Pine Tar Game

From BR Bullpen

Brett's pine tar bat (shown at the left of the image)

The Pine Tar Game involved one of baseball's most celebrated and unusual incidents.

On July 24, 1983 at Yankee Stadium, the Kansas City Royals trailed the New York Yankees, 4-3, in the top of the 9th inning. With U.L. Washington on first base, George Brett hit a home run off Goose Gossage that apparently put the Royals in the lead.

However, Yankees manager Billy Martin had noticed Brett's bat had quite a bit of pine tar on the barrel. Coach Don Zimmer urged Martin to have Brett's bat inspected. Pine tar is often used to improve a player's grip on the bat. Martin cited Rule 1.10(c) [1] which states: "The bat handle, for not more than 18 inches from its end, may be covered or treated with any material or substance to improve the grip." Brett's bat had pine tar nearly two feet (or 24 inches) from the knob.

As Brett took his seat in the dugout, he noticed Martin discussing the home run with umpire Tim McClelland. Brett recounted afterward that he'd said: "If McClelland calls me out, I'm gonna kill him." Brett did not account for the fact McClelland was 6'6" and 240 pounds. McClelland, after initially inspecting the bat, spoke with the three fellow umpires and got a second measurement from crew chief Joe Brinkman.

McClelland raised his right thumb to call Brett out and Brett exploded. He leaped from the dugout in a rage along with coach Dick Howser. He was restrained by his teammates and ejected. After the game, the Royals filed a protest with the league office.

During the confusion, Royals pitcher Gaylord Perry tried to steal the bat, but a guard prevented him from confiscating the evidence. Perry was ejected as well.

American League president Lee MacPhail ruled that Brett did indeed break rule 1.10(c), but that the home run should stand. He also requested that the rules be clarified. On August 18th, the two teams returned to Yankee Stadium to play the last four outs of the game with the score Royals 5, Yankees 4. MacPhail's decision was based on the appreciation that the nullification of the home run was not consistent with the spirit of the rule, which was to prevent pine tar from bats from staining baseballs, forcing their removal from the game, and not because excessive pine tar gave the batter any sort of advantage. In MacPhail's view, the only appropriate action to be taken when a stained bat was discovered was to remove it from the game, without affecting the result of any previous game action. This is now the accepted interpretation of the rule.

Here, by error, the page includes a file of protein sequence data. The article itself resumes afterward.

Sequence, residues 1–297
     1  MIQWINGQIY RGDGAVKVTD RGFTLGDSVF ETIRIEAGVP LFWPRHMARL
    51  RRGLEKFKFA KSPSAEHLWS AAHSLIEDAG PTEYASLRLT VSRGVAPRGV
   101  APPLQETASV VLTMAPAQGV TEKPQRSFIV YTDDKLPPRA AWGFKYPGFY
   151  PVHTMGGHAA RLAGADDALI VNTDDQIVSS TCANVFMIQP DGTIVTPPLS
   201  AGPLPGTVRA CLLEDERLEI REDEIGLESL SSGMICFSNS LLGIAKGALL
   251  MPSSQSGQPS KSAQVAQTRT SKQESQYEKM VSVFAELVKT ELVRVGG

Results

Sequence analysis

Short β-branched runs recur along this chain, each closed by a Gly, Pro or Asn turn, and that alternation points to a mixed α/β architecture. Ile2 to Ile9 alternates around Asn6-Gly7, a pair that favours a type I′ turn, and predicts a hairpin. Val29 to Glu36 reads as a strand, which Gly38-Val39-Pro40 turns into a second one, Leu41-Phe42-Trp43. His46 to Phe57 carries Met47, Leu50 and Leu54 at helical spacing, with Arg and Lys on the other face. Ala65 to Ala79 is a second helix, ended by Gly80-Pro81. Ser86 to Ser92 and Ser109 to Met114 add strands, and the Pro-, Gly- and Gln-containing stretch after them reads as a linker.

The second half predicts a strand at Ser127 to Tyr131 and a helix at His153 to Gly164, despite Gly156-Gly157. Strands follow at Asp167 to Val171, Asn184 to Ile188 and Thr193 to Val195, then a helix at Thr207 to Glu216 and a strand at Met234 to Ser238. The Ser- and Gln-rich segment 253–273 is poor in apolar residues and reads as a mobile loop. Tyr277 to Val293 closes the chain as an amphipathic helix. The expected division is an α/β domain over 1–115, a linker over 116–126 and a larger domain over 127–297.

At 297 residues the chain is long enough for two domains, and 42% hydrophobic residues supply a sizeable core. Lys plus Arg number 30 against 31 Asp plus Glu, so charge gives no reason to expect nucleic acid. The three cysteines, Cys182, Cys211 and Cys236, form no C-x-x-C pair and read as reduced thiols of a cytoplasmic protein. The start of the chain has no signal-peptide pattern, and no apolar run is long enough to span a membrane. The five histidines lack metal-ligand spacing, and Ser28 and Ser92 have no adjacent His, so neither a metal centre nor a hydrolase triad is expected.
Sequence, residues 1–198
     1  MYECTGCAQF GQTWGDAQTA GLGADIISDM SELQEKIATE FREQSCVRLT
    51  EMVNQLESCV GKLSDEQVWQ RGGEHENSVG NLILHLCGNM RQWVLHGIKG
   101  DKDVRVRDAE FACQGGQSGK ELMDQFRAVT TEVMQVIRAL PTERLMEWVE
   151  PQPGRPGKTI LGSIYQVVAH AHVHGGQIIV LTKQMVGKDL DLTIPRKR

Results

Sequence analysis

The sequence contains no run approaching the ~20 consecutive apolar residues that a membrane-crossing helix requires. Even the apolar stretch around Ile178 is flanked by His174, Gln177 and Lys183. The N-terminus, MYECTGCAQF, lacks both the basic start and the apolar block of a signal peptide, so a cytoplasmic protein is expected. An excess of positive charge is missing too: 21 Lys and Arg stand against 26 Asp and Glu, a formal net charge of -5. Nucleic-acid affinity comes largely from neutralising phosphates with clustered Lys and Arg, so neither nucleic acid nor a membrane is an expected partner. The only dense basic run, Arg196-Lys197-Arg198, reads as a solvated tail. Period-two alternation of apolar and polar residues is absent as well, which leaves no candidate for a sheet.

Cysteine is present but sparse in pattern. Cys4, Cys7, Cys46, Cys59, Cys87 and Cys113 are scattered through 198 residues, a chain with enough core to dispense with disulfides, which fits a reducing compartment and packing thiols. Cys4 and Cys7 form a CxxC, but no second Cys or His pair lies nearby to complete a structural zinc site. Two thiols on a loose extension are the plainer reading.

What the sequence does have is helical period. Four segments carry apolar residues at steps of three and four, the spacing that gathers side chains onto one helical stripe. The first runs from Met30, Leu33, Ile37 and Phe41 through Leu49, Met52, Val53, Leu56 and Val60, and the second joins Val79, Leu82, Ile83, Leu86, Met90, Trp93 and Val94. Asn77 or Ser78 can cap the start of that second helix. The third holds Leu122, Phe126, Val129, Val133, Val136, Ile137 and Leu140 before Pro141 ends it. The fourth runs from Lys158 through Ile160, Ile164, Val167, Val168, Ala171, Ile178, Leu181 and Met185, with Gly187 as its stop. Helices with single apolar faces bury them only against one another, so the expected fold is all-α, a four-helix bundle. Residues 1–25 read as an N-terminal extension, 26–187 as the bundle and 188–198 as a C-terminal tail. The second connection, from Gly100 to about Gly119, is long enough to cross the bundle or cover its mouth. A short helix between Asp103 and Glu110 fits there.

The ending was even more bizarre as Yankees star pitcher Ron Guidry manned center field for the resumed portion of the game, as the centerfielder on July 24th, Jerry Mumphrey, had been traded in the interim. Left-handed thrower Don Mattingly was stationed as second base, the last time in baseball annals that a lefty has manned one of the two middle infield positions. Before the game began, the Yankees appealed that Brett had not touched every base, but umpire Tim Welke had a notarized statement from the previous umps that Brett had touched each base. The game ended without incident and the Royals were the 5-4 winners.

Further Reading[edit]

  • Ted Berg: "Five things you never knew about George Brett’s pine-tar incident", USA Today, July 9, 2013. [2]
  • Philip Bondy: The Pine Tar Game: The Kansas City Royals, the New York Yankees, and Baseball's Most Absurd and Entertaining Controversy, Scribner, New York, NY, 2015. ISBN 978-1476777177
  • Adrian Garro: "34 years ago today, the iconic George Brett Pine Tar Incident happened at Yankee Stadium", "Cut4",, July 24, 2017. [3]
  • Vahe Gregorian (The Kansas City Star): "On 40th anniversary of Pine Tar Game, George Brett remains proud of principled rampage", Yahoo! News, May 12, 2023. [4]
  • Manny Randhawa: "The story behind the 'super weird' ending to the Pine Tar Game",, July 24, 2023. [5]

Related Sites[edit]